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Renegotiating Rome: Western Europe in the Fifth Century

Tutor: Guy Halsall

Module type: MA Option

Module code: HIS00028M

This course takes a multi-disciplinary approach to one of the most important and dramatic, not to say traumatic, eras of western European history: the 'long fifth century', c.375-c.525. In this period the Roman Empire disintegrated in a bewildering series of wars and faction fights usually(misleadingly) referred to as 'The Barbarian Migrations'. In the fourth century, every politically important family in western Europe regarded itself as Roman; by the second quarter of the sixth, the ruling strata in the former imperial provinces defined themselves by reference to one of a congeries of non-Roman peoples, and the local aristocracies were rapidly coming to adopt these new identities.

Rome as a political reality had dominated all aspects of society in c.375, whether one was looking at issues of legitimate governance and authority or at gender. How was it that within a little more than a century people throughout the West had found means of abandoning this all-pervasive identity? This course examines how the people of Western Europe navigated their way through the collapse of the most extensive cohesive state the West has ever seen. After a historiographical orientation, it will look at the fate of rural and urban settlements in the different areas of the West. The responses of local societies to the crisis will be investigated through examination of burial practices, through the writing of history and through the literary output of the era. Finally we will examine how different dimensions of social structure– gender, ethnicity and political authority – had changed in the period. Had Rome been rejected or redefined?

Occasionally we will stray a little way beyond the fifth century into the early sixth. In many ways the first part of the sixth century can be seen as continuing the trends of the fifth.

Students will be expected to show a willingness to read widely and deal with the full range of documentary historical, literary, archaeological and artistic material to acquire a rounded view of the period. This course will be challenging; you will have to rethink much of what you think you know about 'the Fall of the Roman Empire'. This will require hard work but the results will be correspondingly satisfying and enjoyable.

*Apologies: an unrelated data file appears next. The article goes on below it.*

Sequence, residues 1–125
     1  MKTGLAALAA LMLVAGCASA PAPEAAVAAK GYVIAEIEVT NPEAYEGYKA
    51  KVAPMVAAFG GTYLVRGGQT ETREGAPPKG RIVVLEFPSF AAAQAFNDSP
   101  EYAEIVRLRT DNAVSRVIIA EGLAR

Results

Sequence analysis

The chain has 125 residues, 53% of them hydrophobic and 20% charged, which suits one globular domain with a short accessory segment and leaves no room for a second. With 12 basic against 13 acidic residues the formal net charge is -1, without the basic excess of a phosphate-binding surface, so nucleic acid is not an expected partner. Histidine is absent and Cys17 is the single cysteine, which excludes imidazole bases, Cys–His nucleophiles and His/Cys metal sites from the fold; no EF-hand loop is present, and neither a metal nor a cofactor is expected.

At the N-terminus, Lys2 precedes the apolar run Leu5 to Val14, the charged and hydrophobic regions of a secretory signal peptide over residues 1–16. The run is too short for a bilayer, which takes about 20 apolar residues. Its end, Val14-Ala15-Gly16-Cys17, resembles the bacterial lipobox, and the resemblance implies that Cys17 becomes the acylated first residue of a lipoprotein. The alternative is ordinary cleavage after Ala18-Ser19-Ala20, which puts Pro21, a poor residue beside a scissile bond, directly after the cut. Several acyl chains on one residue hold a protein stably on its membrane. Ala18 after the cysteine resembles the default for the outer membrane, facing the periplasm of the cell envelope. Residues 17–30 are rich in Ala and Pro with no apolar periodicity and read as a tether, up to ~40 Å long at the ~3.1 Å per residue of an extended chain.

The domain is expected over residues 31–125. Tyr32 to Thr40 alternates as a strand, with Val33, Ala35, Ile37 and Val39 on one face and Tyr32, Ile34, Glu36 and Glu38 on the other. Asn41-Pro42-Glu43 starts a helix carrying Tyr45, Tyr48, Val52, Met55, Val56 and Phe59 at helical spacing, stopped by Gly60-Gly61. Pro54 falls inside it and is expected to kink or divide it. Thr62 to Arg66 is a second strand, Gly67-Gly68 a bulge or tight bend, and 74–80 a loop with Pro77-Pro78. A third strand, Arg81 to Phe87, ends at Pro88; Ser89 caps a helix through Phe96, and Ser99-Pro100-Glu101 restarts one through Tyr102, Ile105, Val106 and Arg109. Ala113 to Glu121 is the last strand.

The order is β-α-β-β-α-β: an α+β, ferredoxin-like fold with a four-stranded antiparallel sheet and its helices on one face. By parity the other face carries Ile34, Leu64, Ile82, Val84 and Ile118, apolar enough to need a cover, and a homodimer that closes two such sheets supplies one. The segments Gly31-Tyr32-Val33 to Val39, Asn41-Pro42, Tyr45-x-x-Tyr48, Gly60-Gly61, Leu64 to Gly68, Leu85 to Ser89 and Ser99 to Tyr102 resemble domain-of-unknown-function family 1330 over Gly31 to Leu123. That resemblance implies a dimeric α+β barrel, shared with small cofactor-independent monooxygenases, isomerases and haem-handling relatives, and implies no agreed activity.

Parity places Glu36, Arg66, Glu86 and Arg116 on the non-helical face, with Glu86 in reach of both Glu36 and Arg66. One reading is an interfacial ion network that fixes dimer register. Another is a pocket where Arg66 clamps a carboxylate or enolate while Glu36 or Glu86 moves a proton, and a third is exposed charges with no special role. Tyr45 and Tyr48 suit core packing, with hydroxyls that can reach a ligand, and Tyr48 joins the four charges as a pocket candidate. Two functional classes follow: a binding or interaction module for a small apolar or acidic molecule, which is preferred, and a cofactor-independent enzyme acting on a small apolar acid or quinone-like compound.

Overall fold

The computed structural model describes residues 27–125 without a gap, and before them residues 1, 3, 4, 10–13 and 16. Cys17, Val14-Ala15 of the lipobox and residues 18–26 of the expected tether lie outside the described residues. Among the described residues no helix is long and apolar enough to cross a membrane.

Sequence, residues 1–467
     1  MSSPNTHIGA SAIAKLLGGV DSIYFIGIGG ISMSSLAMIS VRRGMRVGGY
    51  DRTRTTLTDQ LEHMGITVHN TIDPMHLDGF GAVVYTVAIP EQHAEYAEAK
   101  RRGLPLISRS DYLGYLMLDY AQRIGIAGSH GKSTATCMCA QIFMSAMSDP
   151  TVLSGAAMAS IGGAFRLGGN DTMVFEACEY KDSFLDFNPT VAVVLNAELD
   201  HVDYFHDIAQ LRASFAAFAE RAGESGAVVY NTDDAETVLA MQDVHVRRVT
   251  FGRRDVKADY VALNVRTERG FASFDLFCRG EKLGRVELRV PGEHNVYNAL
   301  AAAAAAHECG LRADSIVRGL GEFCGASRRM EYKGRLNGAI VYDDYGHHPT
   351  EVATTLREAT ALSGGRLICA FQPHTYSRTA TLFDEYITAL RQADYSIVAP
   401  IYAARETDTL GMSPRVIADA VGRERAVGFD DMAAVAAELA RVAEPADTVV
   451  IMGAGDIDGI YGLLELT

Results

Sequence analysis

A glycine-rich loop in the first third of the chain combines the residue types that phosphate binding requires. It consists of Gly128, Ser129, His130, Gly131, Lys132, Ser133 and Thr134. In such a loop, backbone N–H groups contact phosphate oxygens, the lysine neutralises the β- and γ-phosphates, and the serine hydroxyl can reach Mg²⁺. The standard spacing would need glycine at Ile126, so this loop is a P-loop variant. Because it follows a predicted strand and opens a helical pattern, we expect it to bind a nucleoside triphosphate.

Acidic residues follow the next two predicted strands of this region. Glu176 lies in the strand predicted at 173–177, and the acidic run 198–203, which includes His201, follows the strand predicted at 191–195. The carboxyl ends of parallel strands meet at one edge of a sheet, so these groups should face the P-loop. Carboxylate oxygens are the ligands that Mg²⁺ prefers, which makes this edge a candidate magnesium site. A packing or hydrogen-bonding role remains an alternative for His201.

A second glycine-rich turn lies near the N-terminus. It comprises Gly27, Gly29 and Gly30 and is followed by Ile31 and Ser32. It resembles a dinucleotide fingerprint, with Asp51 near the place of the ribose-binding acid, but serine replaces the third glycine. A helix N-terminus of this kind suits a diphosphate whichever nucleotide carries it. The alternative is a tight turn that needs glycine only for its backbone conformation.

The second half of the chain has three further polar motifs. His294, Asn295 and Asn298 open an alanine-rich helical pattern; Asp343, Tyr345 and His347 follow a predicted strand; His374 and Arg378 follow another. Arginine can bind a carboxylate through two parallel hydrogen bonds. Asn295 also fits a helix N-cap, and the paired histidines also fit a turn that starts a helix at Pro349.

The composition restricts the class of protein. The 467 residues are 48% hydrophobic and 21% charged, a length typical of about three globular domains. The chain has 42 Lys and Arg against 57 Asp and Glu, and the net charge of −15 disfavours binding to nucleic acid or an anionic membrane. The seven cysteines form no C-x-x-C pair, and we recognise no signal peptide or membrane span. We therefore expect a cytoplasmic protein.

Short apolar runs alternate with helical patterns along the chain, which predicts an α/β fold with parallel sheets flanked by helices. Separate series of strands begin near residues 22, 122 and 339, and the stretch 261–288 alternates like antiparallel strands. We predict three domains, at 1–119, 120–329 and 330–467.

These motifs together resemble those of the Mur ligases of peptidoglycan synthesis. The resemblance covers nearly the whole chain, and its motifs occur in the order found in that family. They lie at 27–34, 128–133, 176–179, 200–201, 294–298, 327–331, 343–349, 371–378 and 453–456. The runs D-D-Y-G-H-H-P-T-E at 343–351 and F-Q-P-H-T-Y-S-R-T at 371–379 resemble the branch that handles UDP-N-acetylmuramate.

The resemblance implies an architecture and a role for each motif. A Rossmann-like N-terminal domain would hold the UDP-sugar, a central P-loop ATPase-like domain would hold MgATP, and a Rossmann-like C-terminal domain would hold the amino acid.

The likely seminar programme will be as follows:

    • Writing the Fifth Century (1): Modern Approaches - Terrible Catastrophe or Peaceful Transformation?
    • Defining a Crisis (1): Burial and Society
    • Responses to Crisis (1): Burial and Society
    • Writing the Fifth Century (2): Historical Writing in the Last Century of the Western Empire
    • Responses to Crisis (2): Literary Production in the Fifth-Century West
    • Responses to Crisis (3): Art and Decorative Style
    • New Identities, New Peoples... Ethnicity and the Redefinition of Political Legitimacy
    • ... New Men? The Redefinition of Social Categories
    • Political Authority: Kings and Aristocrats

Preliminary reading

  • Drinkwater, J. F. and H. Elton, eds. Fifth-Century Gaul: A Crisis of Identity? Cambridge: Cambridge University Press, 1992.
  • Halsall, Guy. Barbarian Migrations and the Roman West, 376-568. Cambridge: Cambridge University Press, 2007.
  • Harries, Jill. Sidonius Apollinaris and the Fall of Rome. Oxford: Clarendon Press, 1994.
  • Heather, Paul. The Fall of the Roman Empire: A New History of Rome and the Barbarians. Oxford: Oxford University Press, 2005.
  • Mathisen, Ralph. Roman Aristocrats in Barbarian Gaul: Strategies for Survival in an Age of Transition. Austin: University of Texas Press, 1993.
  • Mathisen, Ralph and Danuta Shanzer, eds. Society and Culture in Late Roman Gaul: Revisiting the Sources. Aldershot: Ashgate, 2001.
  • Ward-Perkins, Bryan. The Fall of Rome and the End of Civilisation. Oxford: Oxford University Press, 2005.